The couple has given the spreadsheet to the Raiders, but Mr Hawkins said given it is the couple’s own compilation, it provides no proof the money was withdrawn at the club, nor that it was spent at the club. Even if that proof was provided, Mr Hawkins does not accept the club should have picked up on Prof Brown’s gambling problem simply by virtue of the amount of money and number of transactions.

A spokeswoman for Gaming Minister Gordon Ramsay said he met Prof Brown in March but could not comment on the case given the investigation. The government was looking for ways to reduce harm, including cutting machine numbers from 4985 to 4000.

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Why David Lynch will never make another movie

David Lynch might be revealing little about the imminent return of TV series Twin Peaks -“some things change, some things remain the same”- but he’s more forthcoming about the state of modern filmmaking. The Montana-born writer, director, producer, painter and composer has not made a film in more than a decade. Inland Empire, his 2006 release about an actress auditioning for a comeback role, contained many of the established motifs of his work, such as surreal visuals and dopplegangers. But it is, he says, likely to be his last.
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“Things changed a lot,” Lynch says. “So many films were not doing well at the box office even though they might have been great films and the things that were doing well at the box office weren’t the things that I would want to do.”

He is uncertain at first, but then appears to make up his mind: he has indeed made his last feature film. That’s a yes? “Yes it is,” he says.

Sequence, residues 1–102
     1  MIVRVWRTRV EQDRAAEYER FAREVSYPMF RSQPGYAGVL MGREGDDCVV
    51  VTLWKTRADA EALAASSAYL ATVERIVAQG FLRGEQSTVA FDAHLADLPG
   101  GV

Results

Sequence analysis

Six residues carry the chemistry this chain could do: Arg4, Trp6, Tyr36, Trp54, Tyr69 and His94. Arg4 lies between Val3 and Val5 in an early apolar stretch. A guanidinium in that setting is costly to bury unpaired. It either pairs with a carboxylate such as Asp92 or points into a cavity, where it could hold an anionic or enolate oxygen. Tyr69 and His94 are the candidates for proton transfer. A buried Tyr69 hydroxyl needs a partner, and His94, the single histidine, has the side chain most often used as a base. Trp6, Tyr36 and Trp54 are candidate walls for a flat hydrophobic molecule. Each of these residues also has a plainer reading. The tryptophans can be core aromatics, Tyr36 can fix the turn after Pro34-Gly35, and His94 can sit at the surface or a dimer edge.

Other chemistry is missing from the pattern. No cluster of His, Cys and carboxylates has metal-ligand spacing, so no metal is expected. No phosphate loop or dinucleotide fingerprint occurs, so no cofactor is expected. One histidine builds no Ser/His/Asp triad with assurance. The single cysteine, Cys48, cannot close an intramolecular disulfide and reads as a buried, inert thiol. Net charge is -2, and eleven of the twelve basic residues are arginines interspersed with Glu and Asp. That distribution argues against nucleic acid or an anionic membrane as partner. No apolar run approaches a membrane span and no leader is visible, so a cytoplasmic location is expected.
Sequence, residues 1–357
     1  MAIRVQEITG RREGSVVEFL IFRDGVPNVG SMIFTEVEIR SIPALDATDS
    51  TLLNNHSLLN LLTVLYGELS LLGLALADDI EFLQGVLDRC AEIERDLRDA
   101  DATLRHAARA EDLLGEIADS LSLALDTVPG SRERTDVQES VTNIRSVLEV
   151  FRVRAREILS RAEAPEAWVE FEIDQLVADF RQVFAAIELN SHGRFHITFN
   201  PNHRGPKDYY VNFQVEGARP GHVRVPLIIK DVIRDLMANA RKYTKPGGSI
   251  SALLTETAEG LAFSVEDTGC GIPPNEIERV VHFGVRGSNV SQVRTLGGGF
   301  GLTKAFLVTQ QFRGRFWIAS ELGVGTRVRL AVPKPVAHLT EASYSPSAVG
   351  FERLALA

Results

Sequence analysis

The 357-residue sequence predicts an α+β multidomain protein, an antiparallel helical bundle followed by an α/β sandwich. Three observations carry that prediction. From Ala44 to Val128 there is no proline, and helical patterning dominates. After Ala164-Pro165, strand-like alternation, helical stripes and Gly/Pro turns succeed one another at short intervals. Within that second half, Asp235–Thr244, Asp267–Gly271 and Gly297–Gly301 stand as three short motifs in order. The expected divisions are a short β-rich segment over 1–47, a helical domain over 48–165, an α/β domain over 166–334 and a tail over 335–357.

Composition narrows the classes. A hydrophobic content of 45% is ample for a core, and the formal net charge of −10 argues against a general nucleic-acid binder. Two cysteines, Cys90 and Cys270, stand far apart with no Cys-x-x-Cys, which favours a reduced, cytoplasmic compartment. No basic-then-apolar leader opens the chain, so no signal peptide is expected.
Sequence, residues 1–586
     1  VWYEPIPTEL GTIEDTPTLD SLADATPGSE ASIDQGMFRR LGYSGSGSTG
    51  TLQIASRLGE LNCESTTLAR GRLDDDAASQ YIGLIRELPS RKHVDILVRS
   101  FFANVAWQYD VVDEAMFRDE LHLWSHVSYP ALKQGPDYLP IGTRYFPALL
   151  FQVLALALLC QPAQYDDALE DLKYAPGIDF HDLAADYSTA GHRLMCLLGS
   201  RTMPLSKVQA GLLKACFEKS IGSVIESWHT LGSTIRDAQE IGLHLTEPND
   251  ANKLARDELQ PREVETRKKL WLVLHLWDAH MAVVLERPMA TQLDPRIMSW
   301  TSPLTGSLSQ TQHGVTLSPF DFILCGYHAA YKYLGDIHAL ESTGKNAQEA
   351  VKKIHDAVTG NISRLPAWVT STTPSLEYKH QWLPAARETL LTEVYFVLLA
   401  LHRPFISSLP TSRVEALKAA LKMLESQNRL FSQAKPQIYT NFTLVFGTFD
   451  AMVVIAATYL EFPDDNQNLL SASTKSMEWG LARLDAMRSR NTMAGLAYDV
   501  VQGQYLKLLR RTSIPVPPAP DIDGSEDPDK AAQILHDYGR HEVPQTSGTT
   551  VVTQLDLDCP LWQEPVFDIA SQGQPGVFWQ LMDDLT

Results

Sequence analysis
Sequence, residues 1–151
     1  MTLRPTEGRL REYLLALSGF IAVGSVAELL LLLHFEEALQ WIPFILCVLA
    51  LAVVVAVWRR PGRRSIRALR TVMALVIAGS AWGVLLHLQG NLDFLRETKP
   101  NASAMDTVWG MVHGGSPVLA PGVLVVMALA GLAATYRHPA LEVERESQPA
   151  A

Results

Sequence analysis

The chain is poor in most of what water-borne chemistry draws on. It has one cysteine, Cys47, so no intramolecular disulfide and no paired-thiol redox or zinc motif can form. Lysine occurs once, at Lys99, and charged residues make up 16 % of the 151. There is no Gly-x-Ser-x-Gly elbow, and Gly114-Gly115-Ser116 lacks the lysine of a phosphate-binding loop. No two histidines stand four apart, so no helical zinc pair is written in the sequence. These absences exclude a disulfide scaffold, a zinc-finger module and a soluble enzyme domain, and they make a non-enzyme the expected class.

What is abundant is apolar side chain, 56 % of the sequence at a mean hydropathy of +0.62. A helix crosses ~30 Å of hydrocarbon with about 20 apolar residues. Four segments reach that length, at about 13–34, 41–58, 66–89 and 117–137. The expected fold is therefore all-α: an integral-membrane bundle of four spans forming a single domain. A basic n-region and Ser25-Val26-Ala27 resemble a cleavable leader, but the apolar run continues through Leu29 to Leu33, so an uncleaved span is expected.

Lynch’s stories have been described as a negative of the American landscape, where time flows more slowly and people meet (or sometimes become) their double; his darker portrayal of small-town America is not “truer” than the more upbeat version, he says, but it is true.

That landscape is dotted with small towns such as Lumberton, North Carolina, and Twin Peaks, Washington. The latter was the fictional setting for what many consider to be Lynch’s greatest work.

Airing from 1990 to 1991, Twin Peaks followed the investigation by FBI special agent Dale Cooper (Kyle MacLachlan) into the brutal murder of high school student Laura Palmer (Sheryl Lee).

It was a stunning mixture of eccentric characters and long, sensual visuals, set to music that was alternately haunting and heartbreaking. Laura, the too-perfect-to-be-true homecoming queen, is found dead in the opening scene, “wraapped in plaastic,” as reported by fisherman and sawmill manager Pete Martell (Jack Nance).

As confounding as it was compelling, Twin Peaks drew almost universal acclaim – and some 34.6 million viewers – and permanently altered the nature of television storytelling.

Having been asked to consider creating a show in the style of small-town soap opera Peyton Place, what Lynch and his co-creator, Mark Frost, delivered was its antithesis, with Laura and bad girl Audrey Horne (Sherilyn Fenn) standing in for Peyton Place’s diametrically opposed teenagers Alison and Betty.

The series almost defied definition. It was a quirkily humorous mystery series that also contained elements of horror, such as the menacing Bob (Frank Silva) and the Black Lodge, an otherworldly place where one’s shadow self dwells.

“It is said if you confront the Black Lodge with imperfect courage it will utterly annihilate your soul,” warns Deputy Hawk (Michael Horse) in one scene; such Shakespearean observations were a hallmark of the show’s exquisite scripts.

Even now, Lynch is unwilling to box the series into a category. “The word genre is around and some films fall into those but I always say, in life there’s different genres going all the time, and cinema can do that too,” he says.

Though the bubble burst midway through its second season, the series was followed in 1992 by the feature film Twin Peaks: Fire Walk with Me. When the show returns next month, it picks up the story in the present day.

The modern-day exhumation of Twin Peaks began when Lynch and Frost met for lunch at the iconic Hollywood restaurant Musso and Frank Grill in 2011.